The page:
Claude Bouchard is professor and director of the Human Genomics Laboratory at Pennington Biomedical Research Center in Baton Rouge, Louisiana. He holds the John W. Barton Sr. Endowed Chair in genetics and nutrition. His research deals with the genetics of adaptation to exercise and nutritional challenges, as well as the genetics of obesity and its comorbidities. He has authored or coauthored more than 1100 scientific papers and has written or edited 35 books.
Dr. Bouchard received Honoris Causa Doctorates from the Katholieke Universiteit Leuven in 1998, from the University of South Carolina in 2009, from the University of Guelph and from Brock University in 2011, from the University of Ottawa in 2012 as well as from the University of Athens (Greece) and Laval University in 2015. Early in his career, he was on the Kinesiology Faculty at Laval University, Quebec City, and he was made a Professor Emeritus, Faculty of Medicine, upon his retirement. He is a Fellow of the American College of Sports Medicine, the American Society of Nutrition, the American Heart Association, the Obesity Society, and the American Association for the Advancement of Science.
Prof. Dr. Gordon Cheng is founder and director of the Institute for Cognitive Systems as well as coordinator of the Competence Center of Neuroengineering at the Faculty of Electrical Engineering and Information Technology of the University of Technology Munich (TUM). Prof. Cheng investigates the basic understanding and the construction of cognitive systems. On the one hand, he tries to tie together the most different abilities in multifunctional, high-capacity robots. On the other hand, he develops natural communication mechanisms for better user-friendly robots.
Prof. Cheng studied informatics at the University of Wollongong, Australia and, in 2001, conferred a doctorate in system technology at the Department of System Engineering of the Australian National University. He founded and led the Department for Humanoid Robotics and Computational Neuroscience in the Institute of Advanced Telecommunications Research in Kyoto, Japan from 2003 to 2008. In addition, from 2007 to 2008, he was project manager at the National Institute of Information and Communications Technology, Japan, as well as at the Japan Science and Technology Agency, where he was responsible for the project "Computational Brain" (from 2004-2008). Since 2010, Prof. Cheng performs research and teaches as a full professor for cognitive systems at the TUM.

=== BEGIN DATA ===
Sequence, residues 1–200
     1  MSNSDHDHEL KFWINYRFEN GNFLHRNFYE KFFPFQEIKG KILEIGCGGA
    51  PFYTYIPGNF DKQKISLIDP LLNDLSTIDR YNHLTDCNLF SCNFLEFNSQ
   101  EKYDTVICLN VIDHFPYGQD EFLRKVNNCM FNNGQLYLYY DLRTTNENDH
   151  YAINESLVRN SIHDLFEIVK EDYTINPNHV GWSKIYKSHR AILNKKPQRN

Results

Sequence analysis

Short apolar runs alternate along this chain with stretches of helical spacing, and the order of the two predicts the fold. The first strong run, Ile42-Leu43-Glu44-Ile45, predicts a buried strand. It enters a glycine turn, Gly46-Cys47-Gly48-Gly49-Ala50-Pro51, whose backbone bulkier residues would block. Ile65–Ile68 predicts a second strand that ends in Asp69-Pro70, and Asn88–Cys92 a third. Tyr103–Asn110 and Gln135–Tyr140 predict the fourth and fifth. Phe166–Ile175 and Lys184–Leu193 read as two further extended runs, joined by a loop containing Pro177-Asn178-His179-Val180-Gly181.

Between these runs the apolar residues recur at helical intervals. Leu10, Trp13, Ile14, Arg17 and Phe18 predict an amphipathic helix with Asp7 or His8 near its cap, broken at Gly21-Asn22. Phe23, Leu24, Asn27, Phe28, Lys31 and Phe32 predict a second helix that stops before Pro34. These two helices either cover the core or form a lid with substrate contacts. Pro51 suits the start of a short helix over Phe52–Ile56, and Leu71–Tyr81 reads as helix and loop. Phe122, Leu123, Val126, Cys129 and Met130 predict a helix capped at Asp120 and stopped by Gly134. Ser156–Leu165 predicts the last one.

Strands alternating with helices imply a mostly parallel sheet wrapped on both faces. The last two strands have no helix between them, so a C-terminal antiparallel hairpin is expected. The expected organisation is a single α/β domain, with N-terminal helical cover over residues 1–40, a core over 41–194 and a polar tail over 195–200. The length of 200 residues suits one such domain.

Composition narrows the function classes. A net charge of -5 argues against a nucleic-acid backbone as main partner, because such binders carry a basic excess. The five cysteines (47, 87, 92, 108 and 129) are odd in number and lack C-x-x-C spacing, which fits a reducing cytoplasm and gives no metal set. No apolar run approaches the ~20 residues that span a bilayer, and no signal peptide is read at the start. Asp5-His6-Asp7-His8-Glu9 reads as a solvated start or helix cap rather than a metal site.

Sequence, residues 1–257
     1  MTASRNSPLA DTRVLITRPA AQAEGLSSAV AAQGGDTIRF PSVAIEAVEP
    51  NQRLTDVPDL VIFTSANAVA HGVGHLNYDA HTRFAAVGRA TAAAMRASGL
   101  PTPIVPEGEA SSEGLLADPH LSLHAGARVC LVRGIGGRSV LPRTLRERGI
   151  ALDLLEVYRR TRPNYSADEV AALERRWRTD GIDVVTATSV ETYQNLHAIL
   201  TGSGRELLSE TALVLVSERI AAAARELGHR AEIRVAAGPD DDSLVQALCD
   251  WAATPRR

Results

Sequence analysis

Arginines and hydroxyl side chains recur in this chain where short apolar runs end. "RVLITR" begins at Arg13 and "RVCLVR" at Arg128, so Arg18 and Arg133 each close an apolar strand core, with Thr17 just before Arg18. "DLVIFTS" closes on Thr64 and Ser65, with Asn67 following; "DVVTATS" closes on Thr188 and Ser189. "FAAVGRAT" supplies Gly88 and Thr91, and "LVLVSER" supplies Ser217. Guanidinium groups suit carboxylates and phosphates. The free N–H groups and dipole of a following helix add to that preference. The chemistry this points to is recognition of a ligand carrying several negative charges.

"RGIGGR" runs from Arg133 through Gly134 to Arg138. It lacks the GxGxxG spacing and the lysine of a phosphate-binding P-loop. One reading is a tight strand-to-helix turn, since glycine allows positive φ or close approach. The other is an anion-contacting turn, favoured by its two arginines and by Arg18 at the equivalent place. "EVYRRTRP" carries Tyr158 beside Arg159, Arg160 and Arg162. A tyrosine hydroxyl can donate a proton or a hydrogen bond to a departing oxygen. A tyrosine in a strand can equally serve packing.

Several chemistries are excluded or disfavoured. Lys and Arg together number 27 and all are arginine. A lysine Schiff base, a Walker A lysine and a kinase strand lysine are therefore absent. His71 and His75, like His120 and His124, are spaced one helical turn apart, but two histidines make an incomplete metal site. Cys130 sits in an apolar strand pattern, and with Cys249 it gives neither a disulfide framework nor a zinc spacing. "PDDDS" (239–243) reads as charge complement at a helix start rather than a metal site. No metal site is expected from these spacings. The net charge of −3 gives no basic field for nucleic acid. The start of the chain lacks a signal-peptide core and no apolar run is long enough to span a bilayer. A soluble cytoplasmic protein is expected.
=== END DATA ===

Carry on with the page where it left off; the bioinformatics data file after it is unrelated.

Klaus Hurrelmann is a senior professor of Public Health and Education at the Hertie School of Governance in Berlin.
Hurrelmann studied sociology, psychology and educational theory at the Universities of Freiburg, Berkeley (USA) and Münster and did his doctorate with a topic from his school research. In 1975, he qualified as a professor with a paper on "Education System and Society" and afterwards took over a professorship for empiric educational research and socialization research at the University of Essen.
In 1980, he changed, although in the same area, to the Faculty for Educational Theory at the University of Bielefeld. There, together with his colleagues and financed by the German Research Council, he built up the special, interdisciplinary field of investigation on "Prevention and Intervention in Children and Adolescents" whose speaker he was during the whole time from 1986 to 1998. He was also a co-founder of the Center for Childhood and Adolescent Research in Bielefeld.
From 1994 on, Klaus Hurrelmann was the Dean of the Faculty of Health Sciences, which he himself had founded. Concerning the contents, he represented the field of Prevention and Health Promotion there. He was a manager of the "Collaborating Research Center for Health in Adolescence" by order of the World Health Organization (WHO) and led the German part of the study "Health Behaviour in School Children HBSC". In 1990 he received a guest professorship for sociology at New York University and, in 1999, a guest professorship for health sciences at the University of California in Los Angeles.